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13 Albums to Make Your Halloween Extra Spooky

It’s Halloween weekend, and I thought it would be interesting to create a list of spooky albums to help get you guys in the spirit. Some of these are a bit demanding from the listener but if you enjoy the erie end of the art spectrum they should be pretty rewarding:

EXUMA: Self-Titled

This piece of late-60’s esoterica juxtaposes Caribbean culture against Greenwich Village outsider folk. The result was a Voodoo themed record which may the first example of the Freak-Folk genre that blew up during the 2000’s. While the album starts lightheartedly it eventually moves into darker territory. When Exuma and his followers begin their incantations, you’ll imagine yourself in the center of a zombie ritual.

Tangerine Dream: Zeit

Before this Berlin outfitted was soundtracking classic 80’s films, their early career explored the farthest reaches of space. Zeit is a dark ambient tour-de-force: 4 tracks spread across 2 LP, each completely devoid of any sense of rhythm. A string quartet sustains dissonant chords that shift slowly and at random. Crude synthesizer appear sparingly adding and otherworldly feel to the ambience. This is music made outside of time and space.

The Haxan Cloak-Excavation

The Haxan Cloak’s Excavation is among my favorite electronic albums and one of the most terrifying records I’ve ever heard. The artist places tropes of the doom and drone metal genre and places them in electronic context. On my first listen, certain moments actually made me jump as a track will fade to silence and then blast you with low end noise.

Sleep Research Facility-Deep Frieze 

This dark ambient album may not seem traditionally scary, but its central theme of isolation in desolate cold environments reminds me of films like The Thing. Though designed in part to aid in sleep, the record sounds like being stuck in the antarctic alone with nope hope of survival when listened to under waking circumstances.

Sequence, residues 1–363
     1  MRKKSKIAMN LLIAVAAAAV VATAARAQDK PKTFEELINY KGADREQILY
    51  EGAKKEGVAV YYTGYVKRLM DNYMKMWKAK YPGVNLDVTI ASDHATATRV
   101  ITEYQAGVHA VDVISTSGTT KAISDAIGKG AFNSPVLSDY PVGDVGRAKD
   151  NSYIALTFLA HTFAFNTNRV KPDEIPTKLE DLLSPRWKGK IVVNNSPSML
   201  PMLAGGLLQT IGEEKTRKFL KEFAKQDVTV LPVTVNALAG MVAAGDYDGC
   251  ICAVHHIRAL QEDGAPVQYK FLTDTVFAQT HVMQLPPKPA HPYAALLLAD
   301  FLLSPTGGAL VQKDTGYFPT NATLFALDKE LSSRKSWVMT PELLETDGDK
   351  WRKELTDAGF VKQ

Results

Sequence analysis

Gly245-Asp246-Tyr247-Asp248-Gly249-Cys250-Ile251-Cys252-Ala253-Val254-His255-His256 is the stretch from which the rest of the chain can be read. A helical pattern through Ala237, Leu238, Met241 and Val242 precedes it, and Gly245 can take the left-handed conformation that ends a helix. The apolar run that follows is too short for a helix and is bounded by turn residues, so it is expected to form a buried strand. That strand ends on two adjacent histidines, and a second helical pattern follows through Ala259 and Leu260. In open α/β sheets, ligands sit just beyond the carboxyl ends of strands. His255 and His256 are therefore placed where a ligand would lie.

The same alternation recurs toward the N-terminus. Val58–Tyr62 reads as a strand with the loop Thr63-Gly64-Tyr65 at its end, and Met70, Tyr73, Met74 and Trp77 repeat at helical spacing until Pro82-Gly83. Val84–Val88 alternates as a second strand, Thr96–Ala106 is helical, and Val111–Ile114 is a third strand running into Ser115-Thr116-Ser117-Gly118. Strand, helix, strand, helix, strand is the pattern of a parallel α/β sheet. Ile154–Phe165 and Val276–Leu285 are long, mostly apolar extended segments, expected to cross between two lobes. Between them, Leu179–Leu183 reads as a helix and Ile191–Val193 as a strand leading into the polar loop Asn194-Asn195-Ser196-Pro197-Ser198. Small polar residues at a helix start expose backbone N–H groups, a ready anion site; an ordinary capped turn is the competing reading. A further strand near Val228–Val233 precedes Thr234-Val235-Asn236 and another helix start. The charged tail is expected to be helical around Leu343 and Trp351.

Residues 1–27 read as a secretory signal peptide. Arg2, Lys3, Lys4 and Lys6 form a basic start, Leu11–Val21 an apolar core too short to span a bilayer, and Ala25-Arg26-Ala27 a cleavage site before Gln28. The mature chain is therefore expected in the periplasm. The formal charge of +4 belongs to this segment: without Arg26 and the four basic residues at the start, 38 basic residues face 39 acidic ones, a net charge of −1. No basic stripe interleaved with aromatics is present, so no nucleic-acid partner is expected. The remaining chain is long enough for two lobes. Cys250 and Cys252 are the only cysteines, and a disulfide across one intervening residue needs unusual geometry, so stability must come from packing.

If any musician has perfected the sound of evil, it’s Lustmord. The dark ambient master is able to craft music that sounds like it’s coming from the deepest corners of hell. I often have trouble sitting through any Lustmord record due to how unsettling his work can be.


This electronic/proto-punk masterpiece is a perfect representation of dilapidated and crime-ridden mid-70’s New York City. The album is entirely based around primitive organ/synth lines and demented rockabilly crooning about subjects like nuclear war, undead comic book heroes, and murder. Midway through the album lies “Frankie Teardrop”, long considered one of the most terrifying pieces of popular music ever made.

Jandek-Ready for The House

Jandek is the most-unusual of Bluesmen. Instead of basing his songs on soulful mournings, his tracks are built around heavily dissonant chords. In some moments, his tracks begin to collapse entirely and hang on faint vocal lines. Ready for The House carries some of his most digestible yet disturbing work.

Klaus Schulze-Irrlicht

After working with various Berlin-based Krautrock groups, Klaus Schulze made his foray into drone music with Irrlicht. Composed mainly on broken organ and leftover orchestra rehearsal tapes, this album consumes the listener and places him in a horrific sci-fi world that remains creepy without ever being cheesy.


Back in 1991 a group Louisville kids crafted an eerie collection of songs whose jagged yet dynamic structures formed the basis of Post-Rock. While most of that genre conjures up images of earths natural beauty, Spiderland’s imagery more like living on the edge of suburbia, where one stares out into the black abyss that the streetlights cannot reach.

Scott Walker-The Drift

As far back as his second solo record, Scott Walker’s work has always featured off kilter string arrangements. The droning dissonant chords added an air of unease to his otherwise beautiful compositions. On “The Drift” these same elements become the core of the music. Tracks like “Jessica” and “Clara” can make my skin crawl every time.

Chelsea Wolfe-Apokalypsis

Spooky-aesthetics are central to the discography of singer-songwriter Chelsea Wolfe. While her current work falls more in line with goth/post-punk, this 2011 LP is an exercise in ghostly folk music. Each listen is like creeping through an abandoned building, where remnants of something beautiful have eventually become deformed and demented by time.

Swans-Soundtracks for The Blind

Swans are notorious for there excruciatingly dark body of work, taxing the listeners with music so heavy and lyrics so depressing they could make the most stoic of people’s skin crawl. Soundtracks for The Blind takes all of these elements and amplifies them to the extreme. Across it’s 2 discs, Michael Gira and collaborator Jarboe compiled a chilling collection of post-rock, electronic, and ambient music that may fans and critics labeled the highlight of their career.

The Care Taker-An Empty Bliss Beyond This World

We all know that scene in The Shining where Jack’s character enters the hotel ballroom and begins interacting with the dead spirits that have been haunting his family? An Empty Bliss is the musical equivalent of this scene. The album is made up of old 78′ waltz records from the early twentieth century which are then chopped up and processed digitally. The decaying records individual pops, skips, and jumps create a ghostly atmosphere once sent through heavy reverb and delay.

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